‘One Child,’ by Mei Fong
Readers would be forgiven for thinking that the announcement, on Oct. 29, 2015, that China was changing its one-child policy would have turned this book from an account of the daily lives of Chinese people into a work of history. Not so. The event itself came rather late for Mei Fong’s “One Child.” But she makes disconcertingly clear that the repercussions of population control will continue to reverberate throughout China. The policy itself remains a monument to official callousness, and Fong’s book pays moving testimony to the suffering and forbearance of its victims.
It is often assumed that the limitation to a single child was an act of Maoist despotism. In fact, as Fong shows, it was associated with the post-Mao opening. Deng Xiaoping, China’s leader after 1978, had set a target of quadrupling the country’s per capita national income by 2000. China’s planners decided that they could achieve this goal only if, in addition to increasing the size of the pie, there were fewer people to share it.
So they determined, in their words, to “adjust women’s average fertility rate in advance.” The man who ran the program that treated women as if they were production functions was a rocket scientist, Song Jian, who had worked on ballistic missiles. Song went on to help manage the giant Three Gorges Dam on the Yangtze River. His was a world in which unintended consequences were not important.
Population control was not unusual in the 1980s. India also had a fertility-control program. The United Nations gave its first-ever population award to the Chinese minister for population planning in 1983 (along with Indira Gandhi). But China’s application of population control was particularly ruthless.
In 2012, Feng Jianmei, a factory worker pregnant with her second child, was taken to a clinic, forced to sign a document consenting to an abortion and injected with an abortifacient. She was in her seventh month. Pictures of her lying next to her perfectly formed seven-month dead fetus went viral. But hers was hardly an unusual case. In the 1990s, population targets became a major criterion for judging the performance of officials. It is no surprise that they carried out the one-child policy ruthlessly. Reading this account, one wonders why rape as a weapon of war is (rightly) seen as a war crime, whereas the forcible violation of women’s bodies in pursuit of government policy wins United Nations awards.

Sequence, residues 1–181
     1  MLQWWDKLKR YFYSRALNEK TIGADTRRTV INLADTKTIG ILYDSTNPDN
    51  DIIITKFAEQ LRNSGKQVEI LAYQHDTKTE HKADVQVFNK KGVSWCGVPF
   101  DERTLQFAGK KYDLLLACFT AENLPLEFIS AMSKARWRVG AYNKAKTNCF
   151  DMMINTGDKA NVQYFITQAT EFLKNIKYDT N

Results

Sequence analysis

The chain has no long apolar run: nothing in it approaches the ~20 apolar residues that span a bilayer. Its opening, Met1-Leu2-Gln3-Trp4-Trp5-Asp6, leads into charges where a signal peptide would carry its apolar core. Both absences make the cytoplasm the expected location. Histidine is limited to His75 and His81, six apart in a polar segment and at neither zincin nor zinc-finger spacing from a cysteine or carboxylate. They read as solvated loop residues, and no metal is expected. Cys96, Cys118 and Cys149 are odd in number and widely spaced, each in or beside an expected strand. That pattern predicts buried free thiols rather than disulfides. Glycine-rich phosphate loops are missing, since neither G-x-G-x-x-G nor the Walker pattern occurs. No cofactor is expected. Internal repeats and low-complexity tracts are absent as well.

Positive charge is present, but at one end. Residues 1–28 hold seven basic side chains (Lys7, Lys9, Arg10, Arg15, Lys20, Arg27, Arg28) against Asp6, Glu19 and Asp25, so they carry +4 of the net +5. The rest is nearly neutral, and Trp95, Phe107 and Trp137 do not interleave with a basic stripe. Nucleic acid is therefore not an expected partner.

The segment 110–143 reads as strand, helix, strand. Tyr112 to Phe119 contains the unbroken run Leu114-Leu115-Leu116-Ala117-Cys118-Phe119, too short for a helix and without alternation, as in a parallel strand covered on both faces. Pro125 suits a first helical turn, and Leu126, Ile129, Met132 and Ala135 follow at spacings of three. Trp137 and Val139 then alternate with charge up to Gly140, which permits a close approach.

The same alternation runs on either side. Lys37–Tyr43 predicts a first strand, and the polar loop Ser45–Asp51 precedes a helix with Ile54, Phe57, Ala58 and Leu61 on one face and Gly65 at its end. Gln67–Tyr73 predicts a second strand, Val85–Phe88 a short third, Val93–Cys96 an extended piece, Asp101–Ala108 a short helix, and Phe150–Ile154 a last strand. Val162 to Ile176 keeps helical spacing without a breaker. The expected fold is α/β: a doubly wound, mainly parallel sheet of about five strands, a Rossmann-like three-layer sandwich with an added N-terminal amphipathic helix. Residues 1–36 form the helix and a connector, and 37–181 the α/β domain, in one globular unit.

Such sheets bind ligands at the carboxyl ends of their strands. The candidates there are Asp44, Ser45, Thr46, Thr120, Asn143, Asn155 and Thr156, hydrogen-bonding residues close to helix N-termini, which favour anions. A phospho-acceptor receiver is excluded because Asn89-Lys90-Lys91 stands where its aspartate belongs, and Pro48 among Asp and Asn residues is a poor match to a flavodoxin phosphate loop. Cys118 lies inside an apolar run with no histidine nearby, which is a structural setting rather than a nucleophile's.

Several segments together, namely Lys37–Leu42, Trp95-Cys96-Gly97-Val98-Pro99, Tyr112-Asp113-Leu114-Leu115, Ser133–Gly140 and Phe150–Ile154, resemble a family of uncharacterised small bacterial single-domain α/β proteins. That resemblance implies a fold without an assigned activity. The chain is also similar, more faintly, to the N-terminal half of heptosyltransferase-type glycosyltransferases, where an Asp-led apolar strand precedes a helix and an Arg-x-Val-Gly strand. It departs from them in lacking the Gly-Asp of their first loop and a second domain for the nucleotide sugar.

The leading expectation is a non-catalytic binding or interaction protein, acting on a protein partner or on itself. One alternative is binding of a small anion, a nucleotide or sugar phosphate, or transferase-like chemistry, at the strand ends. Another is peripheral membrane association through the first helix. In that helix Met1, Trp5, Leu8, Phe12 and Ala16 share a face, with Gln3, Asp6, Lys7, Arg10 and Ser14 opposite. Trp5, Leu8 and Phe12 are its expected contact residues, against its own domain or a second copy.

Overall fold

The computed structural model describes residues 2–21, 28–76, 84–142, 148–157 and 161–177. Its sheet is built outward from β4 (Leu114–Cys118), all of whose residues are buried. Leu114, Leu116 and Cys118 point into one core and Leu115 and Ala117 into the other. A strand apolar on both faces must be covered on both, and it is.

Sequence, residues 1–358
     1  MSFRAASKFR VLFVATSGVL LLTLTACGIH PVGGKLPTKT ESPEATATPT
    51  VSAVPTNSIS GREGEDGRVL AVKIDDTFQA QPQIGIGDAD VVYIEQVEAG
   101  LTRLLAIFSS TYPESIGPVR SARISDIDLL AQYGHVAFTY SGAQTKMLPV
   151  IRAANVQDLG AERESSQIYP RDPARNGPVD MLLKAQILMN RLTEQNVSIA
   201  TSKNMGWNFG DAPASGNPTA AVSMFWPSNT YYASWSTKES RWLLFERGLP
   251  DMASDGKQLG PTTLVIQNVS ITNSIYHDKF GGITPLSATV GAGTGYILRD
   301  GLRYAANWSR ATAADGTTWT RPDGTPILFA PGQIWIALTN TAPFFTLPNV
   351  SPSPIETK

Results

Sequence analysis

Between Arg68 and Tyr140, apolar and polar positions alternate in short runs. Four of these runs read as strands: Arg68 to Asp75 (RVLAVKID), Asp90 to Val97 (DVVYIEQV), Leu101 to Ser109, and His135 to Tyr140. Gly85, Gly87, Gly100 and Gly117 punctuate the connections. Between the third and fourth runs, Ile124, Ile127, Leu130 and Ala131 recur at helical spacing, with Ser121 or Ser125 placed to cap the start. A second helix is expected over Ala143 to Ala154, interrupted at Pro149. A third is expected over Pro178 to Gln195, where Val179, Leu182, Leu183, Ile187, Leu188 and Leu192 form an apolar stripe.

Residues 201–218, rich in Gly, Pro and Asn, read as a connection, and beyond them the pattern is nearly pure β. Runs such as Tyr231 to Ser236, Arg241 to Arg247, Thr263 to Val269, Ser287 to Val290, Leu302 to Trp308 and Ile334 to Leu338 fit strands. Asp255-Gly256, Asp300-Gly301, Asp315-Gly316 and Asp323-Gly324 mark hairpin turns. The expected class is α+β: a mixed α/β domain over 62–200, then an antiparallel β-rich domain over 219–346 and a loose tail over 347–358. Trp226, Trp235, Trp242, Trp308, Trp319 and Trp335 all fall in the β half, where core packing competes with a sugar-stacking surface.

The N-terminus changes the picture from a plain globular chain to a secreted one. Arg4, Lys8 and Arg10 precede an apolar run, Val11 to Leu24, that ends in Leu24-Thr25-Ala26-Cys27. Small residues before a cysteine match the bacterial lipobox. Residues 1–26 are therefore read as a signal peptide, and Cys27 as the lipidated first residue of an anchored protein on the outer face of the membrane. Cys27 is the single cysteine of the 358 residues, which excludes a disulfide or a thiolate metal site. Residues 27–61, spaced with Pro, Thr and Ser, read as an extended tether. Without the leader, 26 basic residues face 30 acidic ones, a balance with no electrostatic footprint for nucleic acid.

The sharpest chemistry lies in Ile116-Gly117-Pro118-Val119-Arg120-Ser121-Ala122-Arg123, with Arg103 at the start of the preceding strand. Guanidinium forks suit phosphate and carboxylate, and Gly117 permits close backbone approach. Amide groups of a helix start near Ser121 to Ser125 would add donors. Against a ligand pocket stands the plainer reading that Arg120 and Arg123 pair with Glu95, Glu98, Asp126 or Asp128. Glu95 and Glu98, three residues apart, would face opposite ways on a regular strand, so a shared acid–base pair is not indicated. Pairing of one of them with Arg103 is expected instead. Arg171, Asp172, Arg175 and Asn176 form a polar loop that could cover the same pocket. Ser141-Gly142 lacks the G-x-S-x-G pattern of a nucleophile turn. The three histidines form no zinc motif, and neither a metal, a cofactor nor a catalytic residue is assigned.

As Fong makes clear, the one-child policy was not just a crime. It was a blunder. Fertility would have fallen anyway, as happened in other Asian countries, albeit not quite so far and fast. But the policy further distorted sex ratios, resulting in more boys than girls. And it changed expectations: Most people now want only one child. That is why the policy may prove to be hard to reverse.
The greatest strength of Fong’s book is her reporting (she was a correspondent for The Wall Street Journal in China). Fong meets Liang Zhongtang, who fruitlessly attempted to dissuade China’s leaders from adopting the policy in the 1980s. She interviews people at adoption agencies that are suspected of seizing second children and selling them to Westerners. She sees Tough Pig, a boar that survived for 36 days without food or water under the rubble of a vast earthquake in Sichuan Province. The earthquake highlights how unexpected are the tragedies of China’s population policy: Thousands of only children were killed when shoddily built schools collapsed, leaving their stricken parents childless — a disaster in a country where the importance of family has survived even the one-child restrictions. Unlike the earthquake, that policy was — and remains — an unnatural disaster.